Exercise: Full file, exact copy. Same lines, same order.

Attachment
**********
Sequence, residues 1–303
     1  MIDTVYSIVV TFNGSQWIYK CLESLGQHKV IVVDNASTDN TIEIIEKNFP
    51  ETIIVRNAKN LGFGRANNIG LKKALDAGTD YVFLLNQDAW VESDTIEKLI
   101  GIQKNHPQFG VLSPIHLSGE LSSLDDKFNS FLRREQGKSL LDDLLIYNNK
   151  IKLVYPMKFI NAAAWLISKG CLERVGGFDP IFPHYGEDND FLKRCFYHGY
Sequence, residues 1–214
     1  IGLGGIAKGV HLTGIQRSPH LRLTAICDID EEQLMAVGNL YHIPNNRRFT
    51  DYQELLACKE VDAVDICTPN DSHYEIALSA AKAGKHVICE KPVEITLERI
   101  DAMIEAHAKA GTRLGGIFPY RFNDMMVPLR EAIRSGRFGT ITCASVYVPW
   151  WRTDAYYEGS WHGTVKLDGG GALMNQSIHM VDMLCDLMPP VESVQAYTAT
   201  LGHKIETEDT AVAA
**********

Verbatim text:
Sequence, residues 1–303
     1  MIDTVYSIVV TFNGSQWIYK CLESLGQHKV IVVDNASTDN TIEIIEKNFP
    51  ETIIVRNAKN LGFGRANNIG LKKALDAGTD YVFLLNQDAW VESDTIEKLI
   101  GIQKNHPQFG VLSPIHLSGE LSSLDDKFNS FLRREQGKSL LDDLLIYNNK
   151  IKLVYPMKFI NAAAWLISKG CLERVGGFDP IFPHYGEDND FLKRCFYHGY
Sequence, residues 1–214
     1  IGLGGIAKGV HLTGIQRSPH LRLTAICDID EEQLMAVGNL YHIPNNRRFT
    51  DYQELLACKE VDAVDICTPN DSHYEIALSA AKAGKHVICE KPVEITLERI
   101  DAMIEAHAKA GTRLGGIFPY RFNDMMVPLR EAIRSGRFGT ITCASVYVPW
   151  WRTDAYYEGS WHGTVKLDGG GALMNQSIHM VDMLCDLMPP VESVQAYTAT
   201  LGHKIETEDT AVAA